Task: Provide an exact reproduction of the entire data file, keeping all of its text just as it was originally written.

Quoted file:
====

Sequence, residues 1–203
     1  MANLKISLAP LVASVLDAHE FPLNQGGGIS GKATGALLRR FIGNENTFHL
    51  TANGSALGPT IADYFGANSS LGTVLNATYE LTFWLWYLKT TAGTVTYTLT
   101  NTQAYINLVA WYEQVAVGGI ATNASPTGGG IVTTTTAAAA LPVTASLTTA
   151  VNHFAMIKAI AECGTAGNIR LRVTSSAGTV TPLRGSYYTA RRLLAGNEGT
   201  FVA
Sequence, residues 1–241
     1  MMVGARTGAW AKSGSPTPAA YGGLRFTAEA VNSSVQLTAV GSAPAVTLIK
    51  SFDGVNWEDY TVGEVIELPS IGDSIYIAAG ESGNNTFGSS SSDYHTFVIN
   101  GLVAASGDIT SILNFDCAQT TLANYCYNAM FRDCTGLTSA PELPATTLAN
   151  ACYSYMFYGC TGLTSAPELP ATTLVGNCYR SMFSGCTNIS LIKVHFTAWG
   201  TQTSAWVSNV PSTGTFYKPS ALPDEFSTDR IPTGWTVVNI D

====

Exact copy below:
Sequence, residues 1–203
     1  MANLKISLAP LVASVLDAHE FPLNQGGGIS GKATGALLRR FIGNENTFHL
    51  TANGSALGPT IADYFGANSS LGTVLNATYE LTFWLWYLKT TAGTVTYTLT
   101  NTQAYINLVA WYEQVAVGGI ATNASPTGGG IVTTTTAAAA LPVTASLTTA
   151  VNHFAMIKAI AECGTAGNIR LRVTSSAGTV TPLRGSYYTA RRLLAGNEGT
   201  FVA
Sequence, residues 1–241
     1  MMVGARTGAW AKSGSPTPAA YGGLRFTAEA VNSSVQLTAV GSAPAVTLIK
    51  SFDGVNWEDY TVGEVIELPS IGDSIYIAAG ESGNNTFGSS SSDYHTFVIN
   101  GLVAASGDIT SILNFDCAQT TLANYCYNAM FRDCTGLTSA PELPATTLAN
   151  ACYSYMFYGC TGLTSAPELP ATTLVGNCYR SMFSGCTNIS LIKVHFTAWG
   201  TQTSAWVSNV PSTGTFYKPS ALPDEFSTDR IPTGWTVVNI D